In Memory of Lawrence King
Home Guestbook Photo Gallery Memorial Fund Forums Angels Contact Us
Forum Home Forum Home > Anti-Violence and Tolerance Forum > For Parents and Teachers
  Active Topics Active Topics
  FAQ FAQ  Forum Search   Calendar   Register Register  Login Login

Eng touts tolerance classes

 Post Reply Post Reply
  Topic Search Topic Search  Topic Options Topic Options
NoLa View Drop Down
Admin Group
Admin Group

Joined: Feb 18 2008
Location: Torrance, CA
Online Status: Offline
Posts: 53
  Quote NoLa Quote  Post ReplyReply Direct Link To This Post Topic: Eng touts tolerance classes
    Posted: Feb 27 2008 at 9:35am
Eng touts tolerance classes
By Jennifer McLain, Staff Writer
Article Launched: 02/18/2008 10:54:06 PM PST

• Video: Mike Eng announces tolerance-promoting bill

EL MONTE - The shooting death of a 15-year-old gay student last week prompted Assemblyman Mike Eng to revive anti-hate crime legislation.

Lawrence King was an eighth-grader at an Oxnard junior high school and was teased because he dressed like a woman. He was shot and killed Feb. 12, and prosecutors charged a classmate, 14-year-old Brandon McInerney, with premeditated murder.

On Monday, the El Monte Democrat unveiled a plan that would require tolerance classes as part of the public school curriculum. The bill would provide training for teachers, administrators and parents so they could identify, "symptoms of hate."

"When there's a death it makes you realize this could have been prevented," Eng said. "Our legislation will develop a new curriculum that teaches tolerance, offers training to teachers, and will have programs that reach out to parents."

There is legislation that currently protects the equal rights of students. Senate Bill 777, introduced by Sen. Sheila Kuehl, D-Santa Monica, amended the education code and prohibits gender bias against gay, lesbian, or bisexual students.

Supporters of Eng's proposal said that administrators have a responsibility to protect children such as King.

"We think that it is mandatory to teach kids about intolerance," said Adele Andrade-Stadler, President of the Alhambra Unified School District.

Eng introduced a resolution, the local law enforcement hate crimes prevention act, in 2007 designed to strengthen the ability of federal, state and local government to investigate and prosecute hate crimes.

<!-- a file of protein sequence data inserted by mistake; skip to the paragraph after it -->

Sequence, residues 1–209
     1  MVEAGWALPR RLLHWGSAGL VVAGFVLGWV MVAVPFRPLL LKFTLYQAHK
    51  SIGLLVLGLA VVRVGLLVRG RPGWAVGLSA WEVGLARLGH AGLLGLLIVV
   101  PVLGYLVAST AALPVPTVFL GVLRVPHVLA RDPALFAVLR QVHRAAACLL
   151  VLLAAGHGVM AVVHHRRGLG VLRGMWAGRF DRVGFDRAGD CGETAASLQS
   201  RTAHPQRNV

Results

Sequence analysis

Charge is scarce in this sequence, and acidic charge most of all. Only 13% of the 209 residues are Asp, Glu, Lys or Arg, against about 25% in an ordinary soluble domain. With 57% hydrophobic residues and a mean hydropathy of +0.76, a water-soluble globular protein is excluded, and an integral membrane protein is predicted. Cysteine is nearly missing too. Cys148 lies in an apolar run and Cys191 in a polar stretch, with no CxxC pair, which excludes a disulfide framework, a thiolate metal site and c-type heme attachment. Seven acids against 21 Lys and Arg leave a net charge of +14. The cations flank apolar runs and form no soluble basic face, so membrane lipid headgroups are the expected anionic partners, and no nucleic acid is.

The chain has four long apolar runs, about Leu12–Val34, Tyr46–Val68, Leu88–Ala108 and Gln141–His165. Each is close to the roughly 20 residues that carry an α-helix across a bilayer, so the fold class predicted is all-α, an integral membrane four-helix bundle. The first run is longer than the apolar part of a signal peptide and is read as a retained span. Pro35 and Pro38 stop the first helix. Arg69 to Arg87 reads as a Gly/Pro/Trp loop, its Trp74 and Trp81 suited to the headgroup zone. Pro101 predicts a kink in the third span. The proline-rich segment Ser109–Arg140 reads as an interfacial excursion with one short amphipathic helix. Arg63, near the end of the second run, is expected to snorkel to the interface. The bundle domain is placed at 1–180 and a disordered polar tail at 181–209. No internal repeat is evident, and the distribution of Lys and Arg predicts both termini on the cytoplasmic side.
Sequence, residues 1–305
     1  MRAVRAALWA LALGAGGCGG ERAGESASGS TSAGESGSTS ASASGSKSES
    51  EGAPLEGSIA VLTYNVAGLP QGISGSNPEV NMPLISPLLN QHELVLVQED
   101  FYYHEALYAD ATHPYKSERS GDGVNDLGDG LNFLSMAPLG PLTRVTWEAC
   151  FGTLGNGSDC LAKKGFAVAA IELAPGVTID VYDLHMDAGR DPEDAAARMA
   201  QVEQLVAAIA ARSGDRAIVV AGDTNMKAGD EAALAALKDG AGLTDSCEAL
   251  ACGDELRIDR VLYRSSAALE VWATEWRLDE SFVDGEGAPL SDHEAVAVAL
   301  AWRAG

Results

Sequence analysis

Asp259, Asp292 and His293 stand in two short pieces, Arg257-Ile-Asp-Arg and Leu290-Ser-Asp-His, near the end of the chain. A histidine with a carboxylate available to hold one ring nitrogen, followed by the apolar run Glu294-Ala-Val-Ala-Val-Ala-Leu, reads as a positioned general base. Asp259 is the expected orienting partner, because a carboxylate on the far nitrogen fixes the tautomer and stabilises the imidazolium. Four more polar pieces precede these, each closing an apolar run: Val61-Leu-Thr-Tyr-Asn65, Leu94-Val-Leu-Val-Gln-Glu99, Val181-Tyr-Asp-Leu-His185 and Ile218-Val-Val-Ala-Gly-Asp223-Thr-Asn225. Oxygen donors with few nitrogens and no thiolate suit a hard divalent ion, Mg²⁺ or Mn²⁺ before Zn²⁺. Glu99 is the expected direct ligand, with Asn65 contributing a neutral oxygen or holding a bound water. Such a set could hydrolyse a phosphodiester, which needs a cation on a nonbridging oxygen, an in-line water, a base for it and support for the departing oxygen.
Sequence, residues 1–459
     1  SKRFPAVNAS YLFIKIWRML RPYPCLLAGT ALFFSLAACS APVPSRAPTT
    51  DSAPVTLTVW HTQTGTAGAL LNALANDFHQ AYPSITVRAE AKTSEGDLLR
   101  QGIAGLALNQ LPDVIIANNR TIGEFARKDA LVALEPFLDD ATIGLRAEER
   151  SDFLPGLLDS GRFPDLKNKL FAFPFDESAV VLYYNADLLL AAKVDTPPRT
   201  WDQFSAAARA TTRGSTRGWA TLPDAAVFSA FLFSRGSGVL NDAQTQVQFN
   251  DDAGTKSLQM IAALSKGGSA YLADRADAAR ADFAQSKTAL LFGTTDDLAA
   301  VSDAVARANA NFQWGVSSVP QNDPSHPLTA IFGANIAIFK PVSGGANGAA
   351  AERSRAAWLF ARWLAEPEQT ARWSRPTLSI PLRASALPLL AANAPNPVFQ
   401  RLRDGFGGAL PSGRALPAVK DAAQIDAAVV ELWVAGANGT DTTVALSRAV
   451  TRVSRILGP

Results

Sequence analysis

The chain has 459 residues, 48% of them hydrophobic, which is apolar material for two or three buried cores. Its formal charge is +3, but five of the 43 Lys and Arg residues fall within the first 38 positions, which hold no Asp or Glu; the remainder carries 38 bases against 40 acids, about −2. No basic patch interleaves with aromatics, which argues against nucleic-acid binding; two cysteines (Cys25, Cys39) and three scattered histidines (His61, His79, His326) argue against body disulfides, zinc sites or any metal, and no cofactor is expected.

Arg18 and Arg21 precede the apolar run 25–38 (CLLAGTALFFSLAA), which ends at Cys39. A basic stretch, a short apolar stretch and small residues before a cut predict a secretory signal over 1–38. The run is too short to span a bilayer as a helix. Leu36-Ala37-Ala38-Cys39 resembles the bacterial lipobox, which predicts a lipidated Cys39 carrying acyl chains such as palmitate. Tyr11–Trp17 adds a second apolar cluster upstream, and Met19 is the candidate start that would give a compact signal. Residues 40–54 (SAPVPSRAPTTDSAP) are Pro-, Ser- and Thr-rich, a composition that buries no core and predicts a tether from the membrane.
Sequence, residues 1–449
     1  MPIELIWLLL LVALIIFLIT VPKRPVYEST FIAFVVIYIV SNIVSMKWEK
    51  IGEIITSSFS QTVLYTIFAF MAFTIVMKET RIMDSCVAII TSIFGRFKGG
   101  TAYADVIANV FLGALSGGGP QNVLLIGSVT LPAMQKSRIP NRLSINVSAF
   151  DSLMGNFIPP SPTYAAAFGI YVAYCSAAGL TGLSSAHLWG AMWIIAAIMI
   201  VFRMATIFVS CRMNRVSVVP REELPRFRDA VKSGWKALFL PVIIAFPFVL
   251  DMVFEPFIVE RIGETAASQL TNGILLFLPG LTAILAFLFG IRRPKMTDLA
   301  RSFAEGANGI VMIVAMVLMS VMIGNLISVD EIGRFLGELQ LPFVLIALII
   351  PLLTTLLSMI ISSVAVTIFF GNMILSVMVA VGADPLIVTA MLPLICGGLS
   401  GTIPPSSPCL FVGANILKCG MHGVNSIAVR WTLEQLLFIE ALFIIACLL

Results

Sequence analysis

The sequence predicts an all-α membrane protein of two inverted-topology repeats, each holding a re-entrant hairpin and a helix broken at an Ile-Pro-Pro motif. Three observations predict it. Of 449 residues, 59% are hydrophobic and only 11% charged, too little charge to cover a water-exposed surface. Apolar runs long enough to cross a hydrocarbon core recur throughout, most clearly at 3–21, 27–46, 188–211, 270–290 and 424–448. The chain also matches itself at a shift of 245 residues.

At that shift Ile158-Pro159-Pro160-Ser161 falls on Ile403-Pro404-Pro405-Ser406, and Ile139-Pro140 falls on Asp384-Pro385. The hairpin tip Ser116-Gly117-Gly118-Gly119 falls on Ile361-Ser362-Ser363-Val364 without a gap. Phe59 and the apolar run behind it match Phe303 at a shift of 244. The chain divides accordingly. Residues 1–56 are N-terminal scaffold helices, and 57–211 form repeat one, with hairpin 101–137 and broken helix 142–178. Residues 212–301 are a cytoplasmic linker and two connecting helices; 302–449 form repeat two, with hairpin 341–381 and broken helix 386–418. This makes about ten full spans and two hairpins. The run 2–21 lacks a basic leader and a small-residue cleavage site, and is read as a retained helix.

He also proposed bills that would have offered tolerance training in diversity, race, ethnic background and sexual preference. The governor vetoed those bills, Eng said.

"I was shocked when I heard about Larry King," Eng said. "I thought if our legislation would have been enacted, perhaps there would have been a different result."

Mike Spence, president of the California Republican Assembly, couldn't comment on the proposal because he hadn't seen it. But he said he opposed a similar bill, by Eng's wife, former Assemblywoman Judy Chu, that wanted civil rights groups to teach the curriculum.

"The Chu bill turned it over to civil rights groups," Spence said. "Her bill handed the curriculum over to advocacy groups, and they may have an agenda different that what parents want."

The proposed bill would offer, "funding for training that couldn't be found on a Web site," Eng said. He estimates it to cost $150,000 to develop pilot programs and to put the program in place.

"No matter where people fall on the gay rights issue, they have to feel extremely shocked and saddened by this," Eng said. "As one student put it, `I don't advocate the gay lifestyle, but you shouldn't be shot for who you are.' "

More than 1,000 people came out Saturday to show their support for King during a peace march in Oxnard. King was declared brain dead two days after he was shot and was taken off life support.

King came out as a homosexual this year and went to school with his nails painted, makeup and wearing high-heeled boots.

Whether Eng's bill could have any impact in the school system remains to be seen, said Virginia Uribe, creator of Project 10, an organization that provides educational support to the public school system to gay, bisexual-sexual and transgender youth.

"It will depend on how courageous the lawmakers get," Uribe said. "We are public educators, and we serve the needs of all children."

Eng has until Friday to introduce the bill.

"We know from the 1,000 people that marched that the community wants something," Eng said, "and they want it now."

The Associated Press contributed to this story.

Edited by NoLa - Feb 27 2008 at 9:36am
Back to Top
 Post Reply Post Reply

Forum Jump Forum Permissions View Drop Down

This page was generated in 0.023 seconds.